Freud also thought that personality was composed of three major systems: the identification, the ego and the superego. Each system has its own functions but the three interact to govern behavior.

(a) The id

The id is the most primitive area of the personality and the first to develop. It really is within the newborn infant. It is located in the unconscious which is from the id that the ego and the superego later develop.

The id includes the basic biological impulses (or drives): the necessity to eat, drink, eliminate wastes, avoid pain and gain sexual joy. Freud also believed that hostility was a simple biological drive.

The id seeks immediate gratification of these impulses. Such as a youngster, the id operates on the pleasure concept : it endeavours to avoid pain and obtain pleasure regardless of the exterior circumstances.

(b) The ego

As the kid develops it discovers that their impulses cannot always be immediately gratified. Some must be delayed (for example, cravings for food must hold out until someone provides food) plus some (for example, hitting someone) may be punished.

A new area of the personality, the ego, grows as the young child discovers to consider the needs of simple fact. The ego constitutes our conscious self applied and obeys the truth principle : It is fundamentally the part of personality that determines what actions work and which id impulses will be satisfied in what way. The ego mediates one of the needs of the identification, the realities of the world and the demands of the superego.

(c) The superego

The superego, is the internalised representation of the principles and morals of society as taught to the child by the parents and others. It is fundamentally the individuals conscience. The superego decides whether an action is right or incorrect. In the beginning, parents control a child's behavior directly by pay back and punishment. From the incorporation of parental requirements in to the superego, behaviour is helped bring under self-control. The superego develops in response to parental rewards and punishments.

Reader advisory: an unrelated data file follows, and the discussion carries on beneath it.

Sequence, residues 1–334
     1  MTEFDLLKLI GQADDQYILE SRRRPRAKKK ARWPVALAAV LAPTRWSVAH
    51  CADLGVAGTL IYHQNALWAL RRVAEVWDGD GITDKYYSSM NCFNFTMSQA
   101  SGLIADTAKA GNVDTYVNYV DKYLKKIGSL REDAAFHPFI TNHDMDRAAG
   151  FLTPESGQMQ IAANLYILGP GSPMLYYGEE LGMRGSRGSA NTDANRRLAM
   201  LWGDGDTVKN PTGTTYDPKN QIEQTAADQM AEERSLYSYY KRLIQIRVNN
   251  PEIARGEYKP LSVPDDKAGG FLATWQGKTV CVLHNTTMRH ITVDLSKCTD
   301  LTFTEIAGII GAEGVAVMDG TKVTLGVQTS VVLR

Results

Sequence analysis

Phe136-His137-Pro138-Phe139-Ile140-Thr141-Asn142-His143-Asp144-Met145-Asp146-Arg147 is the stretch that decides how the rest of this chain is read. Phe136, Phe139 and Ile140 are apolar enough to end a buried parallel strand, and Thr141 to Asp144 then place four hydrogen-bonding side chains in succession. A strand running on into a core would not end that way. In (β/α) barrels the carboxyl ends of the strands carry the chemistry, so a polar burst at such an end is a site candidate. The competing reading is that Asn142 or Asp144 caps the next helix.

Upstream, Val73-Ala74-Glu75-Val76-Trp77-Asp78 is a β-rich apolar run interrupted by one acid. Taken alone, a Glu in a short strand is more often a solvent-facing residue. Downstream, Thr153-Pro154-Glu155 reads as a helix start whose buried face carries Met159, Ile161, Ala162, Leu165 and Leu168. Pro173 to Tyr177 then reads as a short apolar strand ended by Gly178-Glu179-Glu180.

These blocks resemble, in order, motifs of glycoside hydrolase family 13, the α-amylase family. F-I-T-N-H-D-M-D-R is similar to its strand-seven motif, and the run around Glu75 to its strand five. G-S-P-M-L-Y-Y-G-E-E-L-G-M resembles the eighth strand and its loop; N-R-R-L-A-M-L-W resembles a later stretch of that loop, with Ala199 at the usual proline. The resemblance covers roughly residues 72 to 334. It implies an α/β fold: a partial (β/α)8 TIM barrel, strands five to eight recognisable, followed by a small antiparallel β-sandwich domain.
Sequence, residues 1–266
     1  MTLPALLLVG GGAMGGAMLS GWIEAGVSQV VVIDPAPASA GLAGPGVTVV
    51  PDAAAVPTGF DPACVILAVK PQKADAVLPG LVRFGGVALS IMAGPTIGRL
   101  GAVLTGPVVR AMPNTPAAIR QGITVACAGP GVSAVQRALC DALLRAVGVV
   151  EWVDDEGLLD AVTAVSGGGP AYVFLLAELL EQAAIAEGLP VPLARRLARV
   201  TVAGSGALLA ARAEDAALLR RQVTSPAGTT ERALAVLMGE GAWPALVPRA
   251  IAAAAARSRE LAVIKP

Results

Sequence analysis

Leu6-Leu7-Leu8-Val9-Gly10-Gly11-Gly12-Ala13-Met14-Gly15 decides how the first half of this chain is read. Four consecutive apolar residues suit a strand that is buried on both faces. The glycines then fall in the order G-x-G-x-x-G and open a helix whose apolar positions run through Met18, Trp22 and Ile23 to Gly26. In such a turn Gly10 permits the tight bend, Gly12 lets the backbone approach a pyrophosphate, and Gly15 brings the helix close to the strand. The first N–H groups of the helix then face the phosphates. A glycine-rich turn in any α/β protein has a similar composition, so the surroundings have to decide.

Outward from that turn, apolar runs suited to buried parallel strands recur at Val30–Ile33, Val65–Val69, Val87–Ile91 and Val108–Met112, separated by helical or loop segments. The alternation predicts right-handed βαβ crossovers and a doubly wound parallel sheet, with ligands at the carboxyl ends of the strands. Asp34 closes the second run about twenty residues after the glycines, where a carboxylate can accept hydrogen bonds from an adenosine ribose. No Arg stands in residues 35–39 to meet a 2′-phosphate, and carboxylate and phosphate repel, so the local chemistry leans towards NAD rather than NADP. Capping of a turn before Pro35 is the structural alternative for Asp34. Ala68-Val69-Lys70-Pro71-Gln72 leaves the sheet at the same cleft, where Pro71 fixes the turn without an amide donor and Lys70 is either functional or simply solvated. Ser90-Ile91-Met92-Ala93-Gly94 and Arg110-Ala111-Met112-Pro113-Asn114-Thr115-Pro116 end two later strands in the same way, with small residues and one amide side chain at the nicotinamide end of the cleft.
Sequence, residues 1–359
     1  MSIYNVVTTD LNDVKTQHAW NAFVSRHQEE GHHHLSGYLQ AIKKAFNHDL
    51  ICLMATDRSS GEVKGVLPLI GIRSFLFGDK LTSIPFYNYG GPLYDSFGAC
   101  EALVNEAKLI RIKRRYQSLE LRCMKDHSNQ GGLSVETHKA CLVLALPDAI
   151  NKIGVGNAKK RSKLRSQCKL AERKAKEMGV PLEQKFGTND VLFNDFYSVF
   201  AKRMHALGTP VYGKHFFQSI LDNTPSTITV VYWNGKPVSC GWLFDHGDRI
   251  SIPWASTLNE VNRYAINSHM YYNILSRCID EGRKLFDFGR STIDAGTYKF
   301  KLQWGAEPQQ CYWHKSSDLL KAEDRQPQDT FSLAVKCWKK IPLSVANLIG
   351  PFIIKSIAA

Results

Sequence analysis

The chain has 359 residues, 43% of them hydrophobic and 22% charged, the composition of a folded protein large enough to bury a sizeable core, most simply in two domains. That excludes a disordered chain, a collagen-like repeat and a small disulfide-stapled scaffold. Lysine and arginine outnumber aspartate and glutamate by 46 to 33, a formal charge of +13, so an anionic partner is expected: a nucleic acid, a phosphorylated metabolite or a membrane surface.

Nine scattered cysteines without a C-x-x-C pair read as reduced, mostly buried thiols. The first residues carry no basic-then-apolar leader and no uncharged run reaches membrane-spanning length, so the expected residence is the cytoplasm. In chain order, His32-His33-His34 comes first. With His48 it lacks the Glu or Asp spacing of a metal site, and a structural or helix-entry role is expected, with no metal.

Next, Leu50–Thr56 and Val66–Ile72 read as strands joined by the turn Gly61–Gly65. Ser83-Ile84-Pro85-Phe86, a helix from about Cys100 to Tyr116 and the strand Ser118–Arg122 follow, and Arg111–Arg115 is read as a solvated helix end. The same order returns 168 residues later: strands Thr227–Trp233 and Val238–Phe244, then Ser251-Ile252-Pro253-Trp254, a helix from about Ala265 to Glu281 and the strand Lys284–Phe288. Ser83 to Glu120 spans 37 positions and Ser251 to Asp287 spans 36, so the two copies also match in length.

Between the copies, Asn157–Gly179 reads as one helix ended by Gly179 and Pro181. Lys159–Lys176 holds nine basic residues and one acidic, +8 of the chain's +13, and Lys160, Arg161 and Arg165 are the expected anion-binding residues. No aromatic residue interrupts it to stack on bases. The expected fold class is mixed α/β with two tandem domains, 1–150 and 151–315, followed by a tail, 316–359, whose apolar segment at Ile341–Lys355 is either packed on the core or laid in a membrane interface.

In overview, the id seeks pleasure, the ego exams actuality and mediates, the superego constrains and strives for efficiency. And in addition, the three components of personality are in frequent discord: the ego postpones the gratification the id desires immediately and the superego battles with both because behaviour often falls in short supply of the moral code it symbolizes.


In order to deal with this issue, the ego grows some defence mechanisms which let it protect itself from the pressures of the identification, the real world and the superego. Good examples are:

Repression - burying a storage area so thoroughly that it is not recalled in any way - "it never happened".

Projection - attributing own unwanted "bad" emotions or suggestions to someone else.

Rationalisation - creating a reasonable excuse for unacceptable behavior and really thinking it.

Suppression - forgetting a surprising event on purpose: (consciously in cases like this) adding it out of your respective mind.

Denial - refusing to acknowledge something since it is so distressing.

Displacement - transferring thoughts from one person or object to some other.

Identification - imitating somebody who is respected and modelling oneself to them.

Reaction-Formation - consciously substituting the contrary sentiment for true emotions about someone/something.

Freud assumed that discord is inevitable and everything behavior is a compromise. Conflict is the root cause of human stress and unhappiness. Defence mechanisms are a method we have of dealing with our inner conflict; neurotic symptoms and dreaming are the other major forms of compromise.